Thursday, June 3, 2010
When Michael was five
Michael always seemed to compare everything he did to when he was five. He would say things like, “I couldn't do that when I was five, or remember when I was five”. We even have a picture of him with a big white plastic number five that we use to chuckle about since it so appropriately matched his mantra. Oddly enough Michael was five when everything in his life began to change.
Michael loved to ride his bike. He had a favorite little black bike that he would ride non stop up and down the driveway. We even accumulated extra bikes from garage sales and family members for the day he would advance to another size bike. Sadly that day never came. Instead he transitioned into a blue battery operated scooter named “Scoot-Scoot” and eventually three different types of wheelchairs.
Michael loved anything with a motor and that could go fast. One summer while on vacation my husband spotted a cute red four wheeler that we ended up buying for Michael’s sixth birthday. Now I think we must have been crazy buying a four wheeler for a small six year old boy. But the memory of that grand birthday celebration complete with a covered surprise in a secluded spot at his Grandparents farm, assures me we did the right thing. It was priceless to watch his excitement as he ripped through the covered display, revealing his favorite birthday present ever. He rode on that little red four wheeler year after year, both summer and winter. Even when the disease robbed him of his mobility he could still ride it, pretending things were the same like when he was five.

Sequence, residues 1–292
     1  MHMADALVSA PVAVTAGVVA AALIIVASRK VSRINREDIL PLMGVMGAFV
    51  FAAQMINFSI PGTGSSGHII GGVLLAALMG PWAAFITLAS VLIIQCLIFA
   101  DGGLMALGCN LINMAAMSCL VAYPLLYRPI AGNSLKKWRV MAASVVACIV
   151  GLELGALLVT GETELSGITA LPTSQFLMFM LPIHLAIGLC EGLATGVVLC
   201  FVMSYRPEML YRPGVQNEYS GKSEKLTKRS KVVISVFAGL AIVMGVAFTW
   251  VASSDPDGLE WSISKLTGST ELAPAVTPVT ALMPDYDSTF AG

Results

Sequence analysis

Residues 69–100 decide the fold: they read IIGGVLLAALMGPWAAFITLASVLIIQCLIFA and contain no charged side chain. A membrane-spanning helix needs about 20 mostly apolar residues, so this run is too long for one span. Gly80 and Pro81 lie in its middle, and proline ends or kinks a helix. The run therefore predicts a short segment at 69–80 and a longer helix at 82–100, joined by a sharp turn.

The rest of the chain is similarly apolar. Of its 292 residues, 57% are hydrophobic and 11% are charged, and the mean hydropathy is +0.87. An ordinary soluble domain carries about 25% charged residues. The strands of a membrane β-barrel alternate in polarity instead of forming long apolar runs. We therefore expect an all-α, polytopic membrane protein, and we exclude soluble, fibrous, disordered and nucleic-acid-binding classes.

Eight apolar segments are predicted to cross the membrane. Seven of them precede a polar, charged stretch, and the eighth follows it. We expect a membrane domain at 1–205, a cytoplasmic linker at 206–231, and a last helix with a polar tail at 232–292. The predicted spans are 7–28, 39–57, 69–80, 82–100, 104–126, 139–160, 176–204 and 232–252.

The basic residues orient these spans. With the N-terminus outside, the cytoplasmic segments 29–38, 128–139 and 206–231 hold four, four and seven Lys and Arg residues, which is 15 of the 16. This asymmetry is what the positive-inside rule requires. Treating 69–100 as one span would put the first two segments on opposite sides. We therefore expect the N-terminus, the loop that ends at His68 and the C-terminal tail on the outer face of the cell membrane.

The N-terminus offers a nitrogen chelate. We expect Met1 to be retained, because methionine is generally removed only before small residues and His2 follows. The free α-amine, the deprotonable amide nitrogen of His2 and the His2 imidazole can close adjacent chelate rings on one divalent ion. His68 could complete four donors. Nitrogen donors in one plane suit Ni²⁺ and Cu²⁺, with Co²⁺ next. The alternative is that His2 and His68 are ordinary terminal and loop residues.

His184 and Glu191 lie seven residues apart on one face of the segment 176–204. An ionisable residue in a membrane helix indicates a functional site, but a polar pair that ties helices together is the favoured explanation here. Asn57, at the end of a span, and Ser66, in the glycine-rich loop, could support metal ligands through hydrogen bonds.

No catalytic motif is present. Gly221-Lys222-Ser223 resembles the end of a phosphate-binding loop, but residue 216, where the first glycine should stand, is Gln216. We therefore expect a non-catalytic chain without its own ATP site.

Party should have been Michael’s middle name. He loved to invite friends and family over or better yet be able to go to someone’s house for a party. Secretly he would always have the hope and possibility of being able to stay over night, extending the fun into one more day. For hours he would play games and watch movies, eating snacks and drinking pop until his stomach hurt. Michael was the kind of kid who just loved to be with someone or simply be by someone. I use to comment about how Michael was literally attached to my hip; Funny how that is the very thing I long for now. When Michael was little, prior to age five, I had a job working from home and he had to have his little desk right next to mine. Day after day he would spend hours at that little desk cutting paper strips, making paper chains for various occasions. One of his paper chains was even used by a local youth group which prayerfully supported us prior to his kidney transplant.
As I reflect over Michael’s thirteen years of life I am consistently reminded of how wise he was beyond his years including his (not so random after all) comparisons to when he was five. I am, to my knees, grateful for the memories and the experiences we share with our angel Michael. Most of them inspiring Be the Change.
If only we could have just one more party with you Michael. I promise you could stay over night.